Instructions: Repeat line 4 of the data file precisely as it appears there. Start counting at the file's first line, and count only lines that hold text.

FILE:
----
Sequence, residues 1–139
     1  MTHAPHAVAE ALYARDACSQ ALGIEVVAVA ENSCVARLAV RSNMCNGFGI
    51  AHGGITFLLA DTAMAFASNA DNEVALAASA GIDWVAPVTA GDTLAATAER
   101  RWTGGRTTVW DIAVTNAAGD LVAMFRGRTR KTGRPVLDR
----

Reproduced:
   101  RWTGGRTTVW DIAVTNAAGD LVAMFRGRTR KTGRPVLDR